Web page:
TNT Express sale far from a done deal
While UPS has made a bid and FedEx has yet to join the party, TNT focuses on recovering recent losses.
in the NewsState of Logistics 2016: Pursue mutual benefit May trade between U.S. and NAFTA partners down 3.1 percent UPS reports solid Q2 earnings paced by international and B2C growth AAR reports another week of declining volumes Despite mixed Q2 results, transportation & logistics deal making prospects look bright More News
In light of last week’s news that TNT NV, a provider of mail and courier services and the fourth largest global parcel operator, rejected an offer by UPS for TNT’s express business, reports are indicating that TNT is refocusing operations on its European-based business while it has seen significant financial losses.
Bloomberg reported that the 2011 operating loss at TNT Express was $139 million compared to earnings of about $238 million the previous year. And it added that TNT will seek cooperation agreements from airlines to carry goods outside Europe and partnerships to provide services in China and Brazil all while it remains “in discussions” with UPS.
“We recognize that more investment is required” in subsidiaries in Brazil and China to make them “high-standard operating companies, and we see some complementary competencies with potential partners,” Chief Executive Officer Marie- Christine Lombard said on a conference call with journalists, according to Bloomberg=. “It could be commercial agreements, could be joint ventures, it could go up to a sale. It’s too early to say.”
What’s more, the report said that TNT is planning to reduce costs by about $198 million by the end of 2013, with about one-third of the savings coming from reductions in TNT Express’s air-shipment capacity, as Lombard explained that ten-to-12 planes of its 50-aircfraft internal European fleet are to be phased out and intercontinental capacity cut in half. On top of this, Lombard said TNT plans to seek what it called preferred suppliers among airlines that can provide cargo capacity.
Meanwhile, my inbox got filled up yesterday and today with reports from Wall Street analysts regarding the UPS bid for TNT Express and what FedEx may—or may not—do in terms of getting into the game.
Here is some commentary from Jason Seidl from Dahlman Rose:
“The bid…has been discussed for more than a decade, but became more likely when TNT Express was spun off from PostNL (The Dutch Postal Company) in May of last year. Despite rejecting the offer, TNT management noted that it is still in talks with UPS. Rival global parcel provider FedEx Corporation has remained tight-lipped, but thus far appears to be sitting on the sidelines. We fully expect another bid for TNT to come this week.”
Seidl also broke down TNT’s customer share in respect to geography. It looks like this: 60 percent of TNT’s business comes from Europe; 25 percent from Asia-Pacific; and about 6 percent from the Americas. He noted that TNT has about a 10 percent market share in Europe, which is second to Deutsche Post at 18 percent, with UPS just under 8 percent, and FedEx at about 3 percent.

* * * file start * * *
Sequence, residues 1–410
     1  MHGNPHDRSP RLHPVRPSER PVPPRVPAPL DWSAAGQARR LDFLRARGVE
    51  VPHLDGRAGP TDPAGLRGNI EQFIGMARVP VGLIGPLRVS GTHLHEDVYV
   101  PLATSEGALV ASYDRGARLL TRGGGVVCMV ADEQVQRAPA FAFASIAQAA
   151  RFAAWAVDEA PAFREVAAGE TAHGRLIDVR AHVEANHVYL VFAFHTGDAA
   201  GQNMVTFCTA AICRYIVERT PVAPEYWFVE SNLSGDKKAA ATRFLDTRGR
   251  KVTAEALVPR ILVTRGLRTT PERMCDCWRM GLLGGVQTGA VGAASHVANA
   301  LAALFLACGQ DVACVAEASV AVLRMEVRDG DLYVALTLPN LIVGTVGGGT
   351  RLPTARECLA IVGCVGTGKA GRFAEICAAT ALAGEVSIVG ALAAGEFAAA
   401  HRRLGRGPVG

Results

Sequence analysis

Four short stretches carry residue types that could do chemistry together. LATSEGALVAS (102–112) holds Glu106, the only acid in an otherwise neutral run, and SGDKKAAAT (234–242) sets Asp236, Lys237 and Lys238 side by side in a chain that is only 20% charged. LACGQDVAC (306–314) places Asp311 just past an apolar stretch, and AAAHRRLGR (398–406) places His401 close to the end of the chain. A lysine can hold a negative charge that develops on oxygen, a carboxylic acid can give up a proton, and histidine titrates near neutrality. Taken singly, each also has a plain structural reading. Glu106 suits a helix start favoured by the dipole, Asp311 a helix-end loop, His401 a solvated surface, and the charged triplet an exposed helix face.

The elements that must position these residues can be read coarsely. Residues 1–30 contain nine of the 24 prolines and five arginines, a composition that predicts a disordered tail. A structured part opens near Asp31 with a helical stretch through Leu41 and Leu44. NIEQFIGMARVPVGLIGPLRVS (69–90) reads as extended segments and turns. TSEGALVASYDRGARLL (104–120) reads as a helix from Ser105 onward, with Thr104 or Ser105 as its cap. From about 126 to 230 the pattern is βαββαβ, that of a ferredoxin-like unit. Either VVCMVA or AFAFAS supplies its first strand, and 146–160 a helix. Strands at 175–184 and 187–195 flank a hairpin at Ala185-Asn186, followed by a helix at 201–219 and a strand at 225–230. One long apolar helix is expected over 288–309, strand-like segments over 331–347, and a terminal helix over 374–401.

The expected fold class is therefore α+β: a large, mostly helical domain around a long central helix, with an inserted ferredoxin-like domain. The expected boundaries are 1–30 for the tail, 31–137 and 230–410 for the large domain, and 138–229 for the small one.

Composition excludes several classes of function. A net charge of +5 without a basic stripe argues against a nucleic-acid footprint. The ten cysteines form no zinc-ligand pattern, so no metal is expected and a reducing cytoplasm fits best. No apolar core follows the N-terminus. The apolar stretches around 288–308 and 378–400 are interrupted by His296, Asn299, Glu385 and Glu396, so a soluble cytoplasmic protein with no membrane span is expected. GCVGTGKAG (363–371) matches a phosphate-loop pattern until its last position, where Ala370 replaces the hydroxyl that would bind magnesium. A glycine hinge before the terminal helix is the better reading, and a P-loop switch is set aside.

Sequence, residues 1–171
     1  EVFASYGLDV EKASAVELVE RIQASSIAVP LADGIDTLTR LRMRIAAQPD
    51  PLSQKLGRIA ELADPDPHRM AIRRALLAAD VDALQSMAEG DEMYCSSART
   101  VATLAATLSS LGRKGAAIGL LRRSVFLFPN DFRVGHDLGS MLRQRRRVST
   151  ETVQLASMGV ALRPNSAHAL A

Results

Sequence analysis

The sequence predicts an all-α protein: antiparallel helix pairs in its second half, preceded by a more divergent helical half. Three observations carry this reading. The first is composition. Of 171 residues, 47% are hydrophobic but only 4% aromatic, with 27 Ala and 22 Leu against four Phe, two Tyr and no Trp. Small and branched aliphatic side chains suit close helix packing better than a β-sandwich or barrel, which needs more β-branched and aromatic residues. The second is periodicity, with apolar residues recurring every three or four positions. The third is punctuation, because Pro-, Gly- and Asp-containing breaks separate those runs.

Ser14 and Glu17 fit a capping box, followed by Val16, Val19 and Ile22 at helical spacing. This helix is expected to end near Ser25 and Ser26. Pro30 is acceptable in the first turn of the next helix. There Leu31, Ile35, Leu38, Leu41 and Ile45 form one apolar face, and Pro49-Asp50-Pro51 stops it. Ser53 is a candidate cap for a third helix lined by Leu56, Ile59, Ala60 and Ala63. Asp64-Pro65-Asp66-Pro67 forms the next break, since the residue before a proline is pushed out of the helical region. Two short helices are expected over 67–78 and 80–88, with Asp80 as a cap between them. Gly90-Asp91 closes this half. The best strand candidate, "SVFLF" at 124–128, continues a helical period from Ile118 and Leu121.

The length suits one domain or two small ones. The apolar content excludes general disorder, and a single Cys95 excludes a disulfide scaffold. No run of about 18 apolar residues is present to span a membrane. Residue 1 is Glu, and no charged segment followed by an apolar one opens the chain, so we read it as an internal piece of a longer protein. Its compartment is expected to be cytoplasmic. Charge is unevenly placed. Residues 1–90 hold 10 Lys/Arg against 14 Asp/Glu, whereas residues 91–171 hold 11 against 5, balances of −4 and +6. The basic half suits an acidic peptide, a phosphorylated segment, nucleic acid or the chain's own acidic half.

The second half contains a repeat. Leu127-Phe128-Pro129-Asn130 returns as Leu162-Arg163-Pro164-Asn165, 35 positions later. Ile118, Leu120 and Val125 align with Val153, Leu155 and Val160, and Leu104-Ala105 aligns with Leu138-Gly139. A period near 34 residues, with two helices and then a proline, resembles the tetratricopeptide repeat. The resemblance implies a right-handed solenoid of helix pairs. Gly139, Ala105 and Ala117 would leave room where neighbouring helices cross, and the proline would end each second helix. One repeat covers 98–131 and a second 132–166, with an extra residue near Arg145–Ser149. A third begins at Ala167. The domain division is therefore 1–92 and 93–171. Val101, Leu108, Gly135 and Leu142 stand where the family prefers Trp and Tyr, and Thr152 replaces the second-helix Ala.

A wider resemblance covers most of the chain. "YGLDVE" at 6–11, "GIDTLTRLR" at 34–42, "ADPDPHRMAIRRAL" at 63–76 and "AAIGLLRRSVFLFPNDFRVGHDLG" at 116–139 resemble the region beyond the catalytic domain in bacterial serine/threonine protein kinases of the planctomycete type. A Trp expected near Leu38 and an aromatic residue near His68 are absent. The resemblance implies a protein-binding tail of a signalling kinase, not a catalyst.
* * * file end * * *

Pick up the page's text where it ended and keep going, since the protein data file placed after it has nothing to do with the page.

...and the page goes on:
“With all the turmoil in the European economy, this may be the most opportune time to make a run at TNT,” wrote Seidl. “A deal would be much harder for FedEx to complete, as it does not have as strong a balance sheet as does its Atlanta-based rival. While some investors may be happy that FedEx has shown little interest, passing on TNT will essentially limit the Memphis carrier to a secondary role in the European express market for many years, as there are no other transactions of size.”
That last part is food for thought and potentially makes one wonder not if but when FedEx will get involved as an active bidder.
But that line of thinking could be premature, when looking at a research from David Ross at Stifel Nicolaus.
Ross wrote in a research note that FedEx has three options after learning of the UPS bid for TNT:
“1-Status quo - do nothing and continue to march its way toward its 10% operating margin goal in Express organically,
2-If it makes strategic and financial sense, make an offer to buy TNT, or
3-Start talking to Deutsche Post DHL about the potential of buying its package operation”
These possibilities all look viable on paper, but it is hard to say how it will play out.
About the AuthorJeff Berman, Group News Editor Jeff Berman is Group News Editor for Logistics Management, Modern Materials Handling, and Supply Chain Management Review. Jeff works and lives in Cape Elizabeth, Maine, where he covers all aspects of the supply chain, logistics, freight transportation, and materials handling sectors on a daily basis. Contact Jeff Berman
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